Our Constitution has twenty-seven amendments, most of them of little consequence. Article V supermajorities can be assembled to patch things up here and there, but fundamental reform has proven to be almost entirely out of reach.

The first ten amendments were of course passed by Congress at the dawn of the new federal government (along with what became the Twenty-seventh Amendment), essentially as a minor concession to the Constitution's critics. After that, the Fourteenth and Seventeenth Amendments are the only revisions of great importance. And even the Fourteenth Amendment--likely the most dramatic constitutional change (of the formal sort, anyway)--would not have been adopted without a number of legally-questionable antics on the part of its supporters.

This might be fine and well, if it actually entrenched the original constitutional regime. But that is mere theory, rather than practical effect. Instead, the near-impossibility of formal amendment has led to general ambivalence toward constitutionalism generally, followed by outright disregard of crystal-clear text. At the same time, blatant judicial overreaching has been shielded from any prospect of political correction.

So what should the rule be? I don't have a definitive answer. But perhaps a mere three-fifths of each house of Congress should be required for proposal, and ratification by two-thirds, rather than three-fourths, of the states should be sufficient.

The whole point is that amendments shouldn't be made lightly, and regular laws, which can be rescinded easily, should be used to deal with most issues.
Logged

Why do so many people here cheer on war crimes?
Israel and the United States "killing dozens of civilians with explosives", as you phrase it, has, throughout history, almost always been a good thing.
Albus Dumbledore
Havelock Vetinari
YaBB God
*****
Posts: 1943
Congo, The Democratic Republic of the


Political Matrix
E: -0.71, S: -2.17

View Profile
« Reply #10 on: July 18, 2008, 09:30:20 am »
Ignore

If you're so concerned about activist judges why not weaken the courts instead of the amendment change?
Logged

"348. The rest of the party appreciates it if I don't start the game in Cyberpsychosis."
"I will kill 120,000 people" ~ Barack Obama
The United States is not only the world's first suburban nation, but it will also be its last. The world cannot sustain any more economies like ours. - Kenneth T. Jackson
DownWithTheLeft
downwithdaleft
YaBB God
*****
Posts: 18880
Italy


Political Matrix
E: 9.16, S: -3.13

View Profile
« Reply #11 on: July 19, 2008, 09:44:27 pm »
Ignore

Not a good idea in my opinion, the Founding Fathers knew how hard it would be to amend the constitution, and that was the point
Logged

Gov. Christopher J. Christie
Franzl
YaBB God
*****
Posts: 21409
Germany


View Profile
« Reply #12 on: July 20, 2008, 03:34:41 am »
Ignore

Not a good idea in my opinion, the Founding Fathers knew how hard it would be to amend the constitution, and that was the point

No offense DWTL....but I'm starting to really hate any explanations that use supposed "Founding Father" wisdom or intent as the main line of argument.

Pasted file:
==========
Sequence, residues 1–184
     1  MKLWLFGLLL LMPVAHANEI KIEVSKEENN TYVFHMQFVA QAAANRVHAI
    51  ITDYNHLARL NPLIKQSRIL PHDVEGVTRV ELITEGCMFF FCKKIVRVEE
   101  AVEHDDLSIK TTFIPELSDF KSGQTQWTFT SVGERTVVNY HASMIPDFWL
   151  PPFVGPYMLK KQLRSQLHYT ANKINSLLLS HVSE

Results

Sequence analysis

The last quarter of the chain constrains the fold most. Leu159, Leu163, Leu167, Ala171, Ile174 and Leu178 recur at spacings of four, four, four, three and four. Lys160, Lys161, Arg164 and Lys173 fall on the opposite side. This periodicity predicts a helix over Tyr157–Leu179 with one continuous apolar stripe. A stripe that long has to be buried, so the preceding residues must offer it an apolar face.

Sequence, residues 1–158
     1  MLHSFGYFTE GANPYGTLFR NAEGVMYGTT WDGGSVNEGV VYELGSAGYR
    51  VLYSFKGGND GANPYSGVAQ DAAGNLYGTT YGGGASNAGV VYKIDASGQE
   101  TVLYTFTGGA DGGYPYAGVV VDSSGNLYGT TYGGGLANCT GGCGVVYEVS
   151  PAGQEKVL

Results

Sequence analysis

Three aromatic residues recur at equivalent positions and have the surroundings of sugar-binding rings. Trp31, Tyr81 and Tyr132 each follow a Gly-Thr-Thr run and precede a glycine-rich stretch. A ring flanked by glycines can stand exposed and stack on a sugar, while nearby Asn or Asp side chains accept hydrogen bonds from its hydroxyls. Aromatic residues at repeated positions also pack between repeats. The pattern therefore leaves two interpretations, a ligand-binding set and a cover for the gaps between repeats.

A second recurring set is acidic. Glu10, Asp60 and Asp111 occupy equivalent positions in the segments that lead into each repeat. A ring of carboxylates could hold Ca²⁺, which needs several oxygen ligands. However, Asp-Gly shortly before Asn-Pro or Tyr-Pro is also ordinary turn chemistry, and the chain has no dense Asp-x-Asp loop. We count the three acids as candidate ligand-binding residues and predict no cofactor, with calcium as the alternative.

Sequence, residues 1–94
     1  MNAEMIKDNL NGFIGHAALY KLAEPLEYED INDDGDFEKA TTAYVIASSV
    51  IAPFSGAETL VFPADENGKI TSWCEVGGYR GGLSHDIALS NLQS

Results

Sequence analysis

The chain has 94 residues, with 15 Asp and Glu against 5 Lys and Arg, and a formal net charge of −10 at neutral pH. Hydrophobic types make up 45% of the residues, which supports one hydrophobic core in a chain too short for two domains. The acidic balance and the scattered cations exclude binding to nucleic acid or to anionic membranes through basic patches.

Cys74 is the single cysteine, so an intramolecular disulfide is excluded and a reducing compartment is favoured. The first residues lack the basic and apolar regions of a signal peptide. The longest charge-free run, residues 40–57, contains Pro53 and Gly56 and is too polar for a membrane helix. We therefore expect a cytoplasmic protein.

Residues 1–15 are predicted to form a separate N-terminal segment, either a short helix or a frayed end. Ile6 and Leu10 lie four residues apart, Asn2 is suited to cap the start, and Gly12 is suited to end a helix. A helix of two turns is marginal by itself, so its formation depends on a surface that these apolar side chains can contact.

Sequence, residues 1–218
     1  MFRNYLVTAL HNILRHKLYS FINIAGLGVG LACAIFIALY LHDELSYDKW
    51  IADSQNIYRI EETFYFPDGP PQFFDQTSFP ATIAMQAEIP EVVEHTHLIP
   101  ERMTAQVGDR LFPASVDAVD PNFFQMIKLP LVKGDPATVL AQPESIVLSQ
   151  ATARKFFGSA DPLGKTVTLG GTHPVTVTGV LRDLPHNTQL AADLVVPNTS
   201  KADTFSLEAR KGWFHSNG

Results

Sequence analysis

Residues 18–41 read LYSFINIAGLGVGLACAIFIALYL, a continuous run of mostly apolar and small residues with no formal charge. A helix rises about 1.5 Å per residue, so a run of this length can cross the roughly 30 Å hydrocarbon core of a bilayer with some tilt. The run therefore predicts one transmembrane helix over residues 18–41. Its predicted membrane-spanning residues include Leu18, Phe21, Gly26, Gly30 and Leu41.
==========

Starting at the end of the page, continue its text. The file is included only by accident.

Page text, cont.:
I don't care, and I don't think it should matter what exactly the founding fathers thought. Of course...when the constitution was drafted, they made the right decisions and everything....but look people, it's more than 200 years later. Laws written today should reflect current issues and problems...NOT what a group of men 200 years ago thought would be best.

______________________________________________________________

Yes, I support making it easier to amend the Constitution. Not quite sure how easy I'd make it...but anyway.
Logged
DownWithTheLeft
downwithdaleft
YaBB God
*****
Posts: 18880
Italy


Political Matrix
E: 9.16, S: -3.13

View Profile
« Reply #13 on: July 20, 2008, 07:55:59 am »
Ignore

Not a good idea in my opinion, the Founding Fathers knew how hard it would be to amend the constitution, and that was the point

No offense DWTL....but I'm starting to really hate any explanations that use supposed "Founding Father" wisdom or intent as the main line of argument.

I don't care, and I don't think it should matter what exactly the founding fathers thought. Of course...when the constitution was drafted, they made the right decisions and everything....but look people, it's more than 200 years later. Laws written today should reflect current issues and problems...NOT what a group of men 200 years ago thought would be best.
My point is that the Founding Fathers had a good idea that I agree with, not as much that it is what the Founding Fathers said so it must be.  The idea of changing the constitution, something much, much more powerful than a law cannot be something that is just flaunted around.  It has to be really, really uber-popular and necessary.  If we made amendments easier, a slew of them would pop up dealing with things that shouldn't have constitutional amendments involved at all.
Logged

Gov. Christopher J. Christie
Luis Gonzalez
Jr. Member
**
Posts: 95
United States


View Profile WWW
« Reply #14 on: July 20, 2008, 10:00:03 pm »
Ignore

Never make it easier for the Federal government to give itself more power.

Vote "NO" on the Amendment Amendment idea.
Logged


“[Euthanasia] is what any State medical service has sooner or later got to face. If you are going to be kept alive in institutions run by and paid for by the State, you must accept the State’s right to economize when necessary …” The Ministry of Fear... by Graham Green (New York: Penguin Books [1943] 2005, p. 165)
Luis Gonzalez
Jr. Member
**
Posts: 95
United States


View Profile WWW
« Reply #15 on: July 20, 2008, 10:02:45 pm »
Ignore

BTW....I am originally from Miami-Dade County in Florida. Doesn't that give me the right to vote at least twice in these polls?
Logged


“[Euthanasia] is what any State medical service has sooner or later got to face. If you are going to be kept alive in institutions run by and paid for by the State, you must accept the State’s right to economize when necessary …” The Ministry of Fear... by Graham Green (New York: Penguin Books [1943] 2005, p. 165)
IDS Judicial Overlord John Dibble
John Dibble
YaBB God
*****
Posts: 18784
Japan


View Profile
« Reply #16 on: July 23, 2008, 09:33:08 am »
Ignore

No, the amendment process was designed specifically to make it difficult to pass amendments, as it should be - if we made it easy our federal constitution would become like Alabama's.
Logged

Pages: [1] Print 
« previous next »
Jump to:  


Login with username, password and session length

Logout

Powered by SMF 1.1.19 | SMF © 2013, Simple Machines